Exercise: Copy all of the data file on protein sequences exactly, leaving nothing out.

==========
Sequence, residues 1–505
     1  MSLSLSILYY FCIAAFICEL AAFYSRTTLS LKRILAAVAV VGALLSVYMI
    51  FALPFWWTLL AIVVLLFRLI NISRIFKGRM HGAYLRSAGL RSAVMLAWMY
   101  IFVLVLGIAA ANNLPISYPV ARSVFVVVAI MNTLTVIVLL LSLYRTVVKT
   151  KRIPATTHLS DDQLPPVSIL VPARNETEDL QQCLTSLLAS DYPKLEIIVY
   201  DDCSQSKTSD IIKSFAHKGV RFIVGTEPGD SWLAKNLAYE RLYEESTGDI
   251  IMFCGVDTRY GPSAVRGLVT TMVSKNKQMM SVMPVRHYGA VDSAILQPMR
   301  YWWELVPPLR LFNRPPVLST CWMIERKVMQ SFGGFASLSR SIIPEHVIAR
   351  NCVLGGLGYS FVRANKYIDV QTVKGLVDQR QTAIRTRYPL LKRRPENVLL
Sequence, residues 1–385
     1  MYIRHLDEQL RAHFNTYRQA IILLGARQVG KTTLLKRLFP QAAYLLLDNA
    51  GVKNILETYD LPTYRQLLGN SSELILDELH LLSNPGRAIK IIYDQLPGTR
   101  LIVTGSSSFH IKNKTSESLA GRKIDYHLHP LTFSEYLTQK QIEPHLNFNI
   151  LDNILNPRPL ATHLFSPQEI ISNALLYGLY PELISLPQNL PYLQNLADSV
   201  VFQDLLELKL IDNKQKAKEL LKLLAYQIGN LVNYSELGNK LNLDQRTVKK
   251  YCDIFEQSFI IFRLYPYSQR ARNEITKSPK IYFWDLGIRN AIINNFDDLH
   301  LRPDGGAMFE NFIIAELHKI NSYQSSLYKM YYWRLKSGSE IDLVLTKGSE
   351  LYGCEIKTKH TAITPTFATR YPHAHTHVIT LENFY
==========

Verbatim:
Sequence, residues 1–505
     1  MSLSLSILYY FCIAAFICEL AAFYSRTTLS LKRILAAVAV VGALLSVYMI
    51  FALPFWWTLL AIVVLLFRLI NISRIFKGRM HGAYLRSAGL RSAVMLAWMY
   101  IFVLVLGIAA ANNLPISYPV ARSVFVVVAI MNTLTVIVLL LSLYRTVVKT
   151  KRIPATTHLS DDQLPPVSIL VPARNETEDL QQCLTSLLAS DYPKLEIIVY
   201  DDCSQSKTSD IIKSFAHKGV RFIVGTEPGD SWLAKNLAYE RLYEESTGDI
   251  IMFCGVDTRY GPSAVRGLVT TMVSKNKQMM SVMPVRHYGA VDSAILQPMR
   301  YWWELVPPLR LFNRPPVLST CWMIERKVMQ SFGGFASLSR SIIPEHVIAR
   351  NCVLGGLGYS FVRANKYIDV QTVKGLVDQR QTAIRTRYPL LKRRPENVLL
Sequence, residues 1–385
     1  MYIRHLDEQL RAHFNTYRQA IILLGARQVG KTTLLKRLFP QAAYLLLDNA
    51  GVKNILETYD LPTYRQLLGN SSELILDELH LLSNPGRAIK IIYDQLPGTR
   101  LIVTGSSSFH IKNKTSESLA GRKIDYHLHP LTFSEYLTQK QIEPHLNFNI
   151  LDNILNPRPL ATHLFSPQEI ISNALLYGLY PELISLPQNL PYLQNLADSV
   201  VFQDLLELKL IDNKQKAKEL LKLLAYQIGN LVNYSELGNK LNLDQRTVKK
   251  YCDIFEQSFI IFRLYPYSQR ARNEITKSPK IYFWDLGIRN AIINNFDDLH
   301  LRPDGGAMFE NFIIAELHKI NSYQSSLYKM YYWRLKSGSE IDLVLTKGSE
   351  LYGCEIKTKH TAITPTFATR YPHAHTHVIT LENFY